And there was a lovely sensation in my mouth when the spice of the tomato sauce and the salty zing of the pepperoni hit the sweet and nutty dash of the Nutella.
It was good.
Much better than we both expected.
Way better than that time we ate quinoa.
Zoe has her own library card.
Both of my kids do.
We frequent the BIG public library regularly and it’s one of our favorite places to go.
But we live in the country.
According to our address anyway.
And we have to get our library cards at the SMALL library in the small town where Zoe goes to school.
But, we don’t normally check anything out there because it’s both small, therefore not full of the books we like to read, and staffed with rude librarians.
Every single time we have been in there we have not been greeted with smiles and witty banter, but instead with scowls and judgements.
The BIG library is the exact opposite of this small town library, but since they are in the same library system we are able to check out books at the BIG-full of good cheer library.
One of the first times we went to the SMALL library where are cards were granted to us, the librarian gruffly told me to make sure “that kid picks up every toy she gets out!” Gigi was maybe 4 years old and was playing with some puppets and puzzles they had in a corner.
Zoe has started to scooch out of the selections available in the second floor children’s section of the BIG library and has ventured into the first floor Young Adult section. But, her library card has restrictions on it because she’s a kid and so she can’t use her card to check out some of the books that she wants to read. So, I have to do it with my card. Since she’s an independent young gal, she wants to check her own books out herself. So, she asked me to have them change her card restrictions. I asked at the check out desk at the BIG library (after the librarian and I had finished chatting about the latest episode of the British Baking Show on PBS) and she said, “oh, you have to go to your issuing library to have them change that since they are the ones that set this card up.”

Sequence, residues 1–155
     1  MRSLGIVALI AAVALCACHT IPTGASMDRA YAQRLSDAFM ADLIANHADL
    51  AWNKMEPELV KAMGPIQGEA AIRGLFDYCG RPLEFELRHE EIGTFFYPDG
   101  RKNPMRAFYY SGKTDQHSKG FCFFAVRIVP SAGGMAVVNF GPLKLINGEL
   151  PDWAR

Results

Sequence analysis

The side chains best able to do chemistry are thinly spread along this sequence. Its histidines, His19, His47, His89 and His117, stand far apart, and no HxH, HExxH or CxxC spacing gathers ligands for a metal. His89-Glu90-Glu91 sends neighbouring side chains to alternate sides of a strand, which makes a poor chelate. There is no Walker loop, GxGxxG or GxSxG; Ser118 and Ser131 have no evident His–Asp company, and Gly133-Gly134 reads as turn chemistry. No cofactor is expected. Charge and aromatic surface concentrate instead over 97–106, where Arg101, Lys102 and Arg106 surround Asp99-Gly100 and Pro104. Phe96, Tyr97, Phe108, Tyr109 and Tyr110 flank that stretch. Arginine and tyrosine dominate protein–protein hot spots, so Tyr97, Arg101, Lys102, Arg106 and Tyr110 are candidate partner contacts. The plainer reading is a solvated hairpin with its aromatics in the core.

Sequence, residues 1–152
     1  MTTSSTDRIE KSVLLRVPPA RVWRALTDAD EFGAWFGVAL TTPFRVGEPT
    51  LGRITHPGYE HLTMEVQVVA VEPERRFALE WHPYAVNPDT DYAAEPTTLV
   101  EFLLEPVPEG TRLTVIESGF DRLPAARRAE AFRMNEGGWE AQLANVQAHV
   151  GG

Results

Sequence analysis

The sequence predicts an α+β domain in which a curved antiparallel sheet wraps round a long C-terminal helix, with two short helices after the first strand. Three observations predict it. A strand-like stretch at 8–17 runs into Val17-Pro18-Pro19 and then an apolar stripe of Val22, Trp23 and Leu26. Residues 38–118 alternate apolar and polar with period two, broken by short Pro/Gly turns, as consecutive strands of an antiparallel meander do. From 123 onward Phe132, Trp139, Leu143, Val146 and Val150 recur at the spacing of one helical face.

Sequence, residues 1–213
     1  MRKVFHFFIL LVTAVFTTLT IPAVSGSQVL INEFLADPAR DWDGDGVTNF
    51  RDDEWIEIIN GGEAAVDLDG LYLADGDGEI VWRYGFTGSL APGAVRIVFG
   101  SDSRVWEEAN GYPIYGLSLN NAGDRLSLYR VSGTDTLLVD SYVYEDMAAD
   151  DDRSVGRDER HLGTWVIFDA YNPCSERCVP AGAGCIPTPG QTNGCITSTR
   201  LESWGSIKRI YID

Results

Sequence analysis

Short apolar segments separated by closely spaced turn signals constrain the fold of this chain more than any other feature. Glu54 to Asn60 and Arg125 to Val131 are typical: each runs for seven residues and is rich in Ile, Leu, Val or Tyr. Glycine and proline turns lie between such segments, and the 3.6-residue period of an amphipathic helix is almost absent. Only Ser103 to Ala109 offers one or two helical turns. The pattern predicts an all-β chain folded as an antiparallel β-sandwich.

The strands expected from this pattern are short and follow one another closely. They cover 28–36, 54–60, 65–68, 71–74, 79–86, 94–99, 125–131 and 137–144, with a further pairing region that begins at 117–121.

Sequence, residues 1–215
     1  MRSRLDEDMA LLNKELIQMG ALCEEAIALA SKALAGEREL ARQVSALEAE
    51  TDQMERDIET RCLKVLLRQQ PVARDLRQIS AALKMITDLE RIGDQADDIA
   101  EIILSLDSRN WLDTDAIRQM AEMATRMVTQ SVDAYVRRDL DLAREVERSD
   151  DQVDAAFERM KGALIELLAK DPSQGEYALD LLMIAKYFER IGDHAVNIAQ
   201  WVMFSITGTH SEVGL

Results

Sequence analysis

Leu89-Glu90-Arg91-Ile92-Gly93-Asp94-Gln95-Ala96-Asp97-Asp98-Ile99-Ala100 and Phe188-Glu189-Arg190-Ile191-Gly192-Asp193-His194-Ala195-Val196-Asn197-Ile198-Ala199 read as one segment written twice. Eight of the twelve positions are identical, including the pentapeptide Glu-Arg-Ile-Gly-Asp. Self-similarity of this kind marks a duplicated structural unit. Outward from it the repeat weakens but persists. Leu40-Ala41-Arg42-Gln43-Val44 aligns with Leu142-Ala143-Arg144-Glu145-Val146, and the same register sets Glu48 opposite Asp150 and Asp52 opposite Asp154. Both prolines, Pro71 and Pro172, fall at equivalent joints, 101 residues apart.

Last week after Gigi’s tumbling class, which is in the little town where the SMALL library is, I said “let’s go change the restrictions on your library card.”
When I got to the front counter and told the librarian what I wanted to happen, she looked at me with a glazed look and it was almost as if I was asking her for round trip tickets on the next moon flight.
She did some tapping on her computer keyboard and asked a few times what Zoe’s age was.
“Twelve” I said.
“Hmmmm, we usually have restrictions for young adult books until the age of thirteen” she stated trying to issue some authority over the situation.
Then she got out a big book full of papers that I have NO IDEA what it was for and pretended to look for something important that she could use in her defense. Then she went back to her computer, typed a bit more and said yet again “she’s only twelve though.”
I then responded with the boldest and most important thing that this conversation was going to end with…
“I’m her mother”
Zoe was at that point standing next to me and our resemblance is not one of child and babysitter, but of DNA that shouts MOM AND DAUGHTER.
She tried to say something else about “most young girls just come in here wanting their card levels changed so that they can check out Fifty Shades of Grey”
But when I threw out the whole “I’m her mother and I’m asking you to change it”, I heard a snicker coming from my right.
That’s when I saw an older woman who also was working at the branch reshelving the large print novels smiling at me.
She knew the Mom Card trumps all others.
And I had thrown my Mom Card down onto the counter to win this hand.
She changed the restrictions on Zoe’s card.
And if my daughter wants to check out books at the BIG library that are in the general fiction section, the section where Hemingway, Tan, and Kingsolver reside, then it will be MY decision if she’s ready for these books.
Because I hold the winning hand…
I get to be Zoe’s mom.